Dodgers Add Padding To Concrete Area Near Outfield Wall Where Aaron Judge Bruised His Toe

Videos by OutKick

The Los Angeles Dodgers are finally doing something about the antiquated cement blocks that line part of Dodger Stadium’s lower outfield wall. Unfortunately, it only took the all-time American League home run leader Aaron Judge to get placed on the Injured List to do so.

The Yankees designated Judge to the 10-day IL with a bruised and sprained ligament on one of his toes on his right foot. The injury happened when the Yankees were in Los Angeles to play the Dodgers over the weekend. Judge made an unbelievable catch but crashed into the visiting team’s bullpen beyond the outfield wall.


Yankees training staff immediately looked at Judge, who was allowed to stay in the game. However, he hasn’t played since.

After the game, Yankees manager Aaron Boone questioned why Dodger Stadium still had the old cement there.

Speaking with The Athletic, Dodgers team president Stan Kasten said that the team will add additional padding around the concrete slabs.

“He actually broke through where some of the panels were joined, the barrier between the two connecting panels. Which is unbelievable. But we’re going to strengthen that and add a strip of padding on the bottom as well,” Kasten said.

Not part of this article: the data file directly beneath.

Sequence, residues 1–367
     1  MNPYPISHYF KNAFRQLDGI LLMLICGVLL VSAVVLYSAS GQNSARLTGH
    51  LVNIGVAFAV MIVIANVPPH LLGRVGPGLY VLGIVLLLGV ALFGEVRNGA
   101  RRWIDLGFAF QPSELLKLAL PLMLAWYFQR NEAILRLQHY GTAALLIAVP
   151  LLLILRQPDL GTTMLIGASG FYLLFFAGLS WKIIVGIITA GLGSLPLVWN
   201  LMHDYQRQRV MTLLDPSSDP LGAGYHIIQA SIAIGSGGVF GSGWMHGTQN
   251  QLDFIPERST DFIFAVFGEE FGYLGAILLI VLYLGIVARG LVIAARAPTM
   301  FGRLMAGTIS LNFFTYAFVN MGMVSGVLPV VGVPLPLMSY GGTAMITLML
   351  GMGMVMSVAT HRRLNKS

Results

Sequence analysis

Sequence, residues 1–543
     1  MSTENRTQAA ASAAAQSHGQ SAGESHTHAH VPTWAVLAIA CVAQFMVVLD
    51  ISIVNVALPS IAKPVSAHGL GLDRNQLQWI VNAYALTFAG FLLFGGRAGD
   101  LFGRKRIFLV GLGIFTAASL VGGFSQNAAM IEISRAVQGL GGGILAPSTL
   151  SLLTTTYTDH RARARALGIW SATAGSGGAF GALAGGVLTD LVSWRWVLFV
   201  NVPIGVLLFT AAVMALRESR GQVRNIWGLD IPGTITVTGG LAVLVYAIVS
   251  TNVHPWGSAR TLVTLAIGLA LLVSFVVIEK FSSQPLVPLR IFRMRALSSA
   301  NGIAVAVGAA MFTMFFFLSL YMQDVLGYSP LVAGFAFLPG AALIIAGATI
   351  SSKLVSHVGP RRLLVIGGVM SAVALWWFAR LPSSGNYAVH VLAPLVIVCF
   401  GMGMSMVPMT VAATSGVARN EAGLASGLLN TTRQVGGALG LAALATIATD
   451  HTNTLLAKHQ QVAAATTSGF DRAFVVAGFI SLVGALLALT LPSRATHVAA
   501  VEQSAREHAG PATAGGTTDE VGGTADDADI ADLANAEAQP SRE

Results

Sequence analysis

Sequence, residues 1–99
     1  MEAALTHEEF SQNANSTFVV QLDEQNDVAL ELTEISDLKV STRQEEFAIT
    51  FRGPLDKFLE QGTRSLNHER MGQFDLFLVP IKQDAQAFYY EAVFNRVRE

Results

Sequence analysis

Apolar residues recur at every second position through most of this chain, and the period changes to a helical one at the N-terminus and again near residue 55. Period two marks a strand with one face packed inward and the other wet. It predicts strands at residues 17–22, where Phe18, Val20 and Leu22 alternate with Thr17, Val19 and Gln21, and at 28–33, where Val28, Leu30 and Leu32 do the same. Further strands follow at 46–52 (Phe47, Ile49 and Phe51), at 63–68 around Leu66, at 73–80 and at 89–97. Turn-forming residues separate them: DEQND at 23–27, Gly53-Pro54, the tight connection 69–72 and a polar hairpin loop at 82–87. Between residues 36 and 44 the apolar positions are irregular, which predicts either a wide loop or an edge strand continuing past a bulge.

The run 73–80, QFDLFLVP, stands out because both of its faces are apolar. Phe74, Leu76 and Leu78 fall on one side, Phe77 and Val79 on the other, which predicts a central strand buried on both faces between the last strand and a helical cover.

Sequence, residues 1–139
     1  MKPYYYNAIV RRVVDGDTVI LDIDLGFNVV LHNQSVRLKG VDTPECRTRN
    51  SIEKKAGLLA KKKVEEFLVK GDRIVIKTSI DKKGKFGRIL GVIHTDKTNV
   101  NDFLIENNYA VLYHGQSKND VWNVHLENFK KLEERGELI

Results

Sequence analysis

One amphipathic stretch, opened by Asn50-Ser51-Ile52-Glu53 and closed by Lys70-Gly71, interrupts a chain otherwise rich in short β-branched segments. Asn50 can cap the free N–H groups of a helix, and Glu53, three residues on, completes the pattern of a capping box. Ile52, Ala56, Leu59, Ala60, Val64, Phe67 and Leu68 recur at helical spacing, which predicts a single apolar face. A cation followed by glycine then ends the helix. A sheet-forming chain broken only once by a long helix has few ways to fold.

The Dodgers are changing the cement in their outfield after Aaron Judge was hurt. (Photo by Harry How/Getty Images)

Judge’s injury of course is a freak accident, but the Yankees and their fanbase doesn’t care as they will be without their $360 million prized possession for at least another week.

It’s the second IL stint for Judge, who missed 10 games at the end of April with a hip injury. The Yankees hope it will be his last as his production this year has been top-notch despite his IL setback. Judge is hitting .291, with 19 home runs and 40 RBI.

Written by Mike Gunzelman

Mike “Gunz” Gunzelman has been involved in the sports and media industry for over a decade. He’s also a risk taker - the first time he ever had sushi was from a Duane Reade in Penn Station in NYC.

Leave a Reply